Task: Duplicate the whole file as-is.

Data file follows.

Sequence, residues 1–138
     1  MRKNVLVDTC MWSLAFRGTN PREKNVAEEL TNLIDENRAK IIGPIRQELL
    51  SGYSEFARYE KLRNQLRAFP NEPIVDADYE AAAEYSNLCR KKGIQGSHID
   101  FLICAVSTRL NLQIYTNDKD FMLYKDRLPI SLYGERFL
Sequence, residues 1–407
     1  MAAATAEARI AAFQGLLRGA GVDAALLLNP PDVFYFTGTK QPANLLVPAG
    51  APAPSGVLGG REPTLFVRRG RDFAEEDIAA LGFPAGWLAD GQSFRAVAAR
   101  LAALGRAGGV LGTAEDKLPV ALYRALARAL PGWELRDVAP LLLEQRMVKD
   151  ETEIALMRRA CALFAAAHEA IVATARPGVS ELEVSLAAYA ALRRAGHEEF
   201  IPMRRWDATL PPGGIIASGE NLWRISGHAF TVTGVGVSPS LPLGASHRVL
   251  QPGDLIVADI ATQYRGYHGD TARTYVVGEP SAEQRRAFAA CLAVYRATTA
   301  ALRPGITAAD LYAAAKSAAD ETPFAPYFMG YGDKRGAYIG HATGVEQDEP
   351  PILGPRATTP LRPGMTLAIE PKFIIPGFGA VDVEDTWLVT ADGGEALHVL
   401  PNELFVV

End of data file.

Sequence, residues 1–138
     1  MRKNVLVDTC MWSLAFRGTN PREKNVAEEL TNLIDENRAK IIGPIRQELL
    51  SGYSEFARYE KLRNQLRAFP NEPIVDADYE AAAEYSNLCR KKGIQGSHID
   101  FLICAVSTRL NLQIYTNDKD FMLYKDRLPI SLYGERFL
Sequence, residues 1–407
     1  MAAATAEARI AAFQGLLRGA GVDAALLLNP PDVFYFTGTK QPANLLVPAG
    51  APAPSGVLGG REPTLFVRRG RDFAEEDIAA LGFPAGWLAD GQSFRAVAAR
   101  LAALGRAGGV LGTAEDKLPV ALYRALARAL PGWELRDVAP LLLEQRMVKD
   151  ETEIALMRRA CALFAAAHEA IVATARPGVS ELEVSLAAYA ALRRAGHEEF
   201  IPMRRWDATL PPGGIIASGE NLWRISGHAF TVTGVGVSPS LPLGASHRVL
   251  QPGDLIVADI ATQYRGYHGD TARTYVVGEP SAEQRRAFAA CLAVYRATTA
   301  ALRPGITAAD LYAAAKSAAD ETPFAPYFMG YGDKRGAYIG HATGVEQDEP
   351  PILGPRATTP LRPGMTLAIE PKFIIPGFGA VDVEDTWLVT ADGGEALHVL
   401  PNELFVV